Tesla Inc (NASDAQ:TSLA) appears to be keen on accomplish its production targets, which are aggressive. Though its CEO, Elon Musk, indicated that he accorded top priority to the worker safety and satisfaction, recent events are worrying factors for its employees. Employees have reportedly shared their stories of injuries in the workplace and asked the company to enhance safety standards for its workmen.
Tesla CEO told the media that he believes in doing things right as he is on a mission do good things to the world. This included caring about its own employees’ safety and health, according to a report in mercurynew.com. The comments came on the back of British media, The Guardian, reporting that ambulances were requested for over hundred times to its factory since 2014. This is mainly to take care of its employees ailments that included fainting to seizures, chest paints and dizziness.
Since February, workers in the factory have raised alarm bells publicly and coordinated with the United Automobile Workers union to bring attention to safety. The issue has probably come at a wrong time for Musk, who is eager to launch the mass market Model 3 and increase the production to 500,000 units from 84,000 units achieved in 2016.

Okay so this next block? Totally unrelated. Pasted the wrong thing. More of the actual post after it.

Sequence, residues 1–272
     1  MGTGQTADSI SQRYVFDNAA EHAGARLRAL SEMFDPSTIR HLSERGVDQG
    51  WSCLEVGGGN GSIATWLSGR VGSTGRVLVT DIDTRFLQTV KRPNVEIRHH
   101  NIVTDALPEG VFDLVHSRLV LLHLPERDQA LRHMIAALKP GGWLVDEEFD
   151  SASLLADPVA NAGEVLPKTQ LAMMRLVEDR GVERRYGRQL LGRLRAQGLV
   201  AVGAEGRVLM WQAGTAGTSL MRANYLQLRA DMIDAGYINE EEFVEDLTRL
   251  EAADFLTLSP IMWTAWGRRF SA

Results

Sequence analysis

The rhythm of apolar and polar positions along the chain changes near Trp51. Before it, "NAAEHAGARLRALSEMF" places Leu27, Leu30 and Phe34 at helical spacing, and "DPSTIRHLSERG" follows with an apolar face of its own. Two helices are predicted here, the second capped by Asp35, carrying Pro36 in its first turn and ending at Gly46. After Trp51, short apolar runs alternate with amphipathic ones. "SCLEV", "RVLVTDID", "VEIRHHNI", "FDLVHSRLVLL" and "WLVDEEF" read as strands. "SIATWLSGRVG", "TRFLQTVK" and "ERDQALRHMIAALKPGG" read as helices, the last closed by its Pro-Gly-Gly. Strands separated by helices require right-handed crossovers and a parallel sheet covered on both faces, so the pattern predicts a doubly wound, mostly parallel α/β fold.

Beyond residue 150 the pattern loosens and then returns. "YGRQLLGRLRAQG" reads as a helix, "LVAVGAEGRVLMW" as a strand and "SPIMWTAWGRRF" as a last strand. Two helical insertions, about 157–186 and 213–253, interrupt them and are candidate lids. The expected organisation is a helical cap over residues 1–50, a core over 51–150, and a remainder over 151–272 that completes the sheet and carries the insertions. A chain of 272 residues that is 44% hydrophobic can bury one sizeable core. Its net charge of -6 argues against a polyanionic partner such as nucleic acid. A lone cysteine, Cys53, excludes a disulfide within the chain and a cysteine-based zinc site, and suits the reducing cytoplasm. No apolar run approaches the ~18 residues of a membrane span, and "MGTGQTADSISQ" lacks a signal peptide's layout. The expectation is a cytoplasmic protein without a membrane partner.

Tesla revealed that it did everything to enhance working conditions by adding a strong program to assist injured workers and recover from work-associated maladies. The electric vehicle pointed out that its total recordable incident rate is better than the industry average as far as the standard safety rating is concerned in the current year.
Interestingly, the electric vehicle maker’s record suggested that 75 percent of the ambulance called were not related to work-related injuries. This could have been due to pre-existing condition or an illness. Currently, its Fremont factory employs about 10,000 persons.
On the other hand, in a suit, production worker, Dewitt Lambert, alleged that working conditions were not safe. He charged the company of failure to rotate his position properly on the production line because of which he suffered a back injury last year. The suit alleged that he worked for 12 hours a day and six days a week. On top of it, there was no rotation for three months.
In pre-market trading on Friday, Tesla shares edged up 0.01 percent.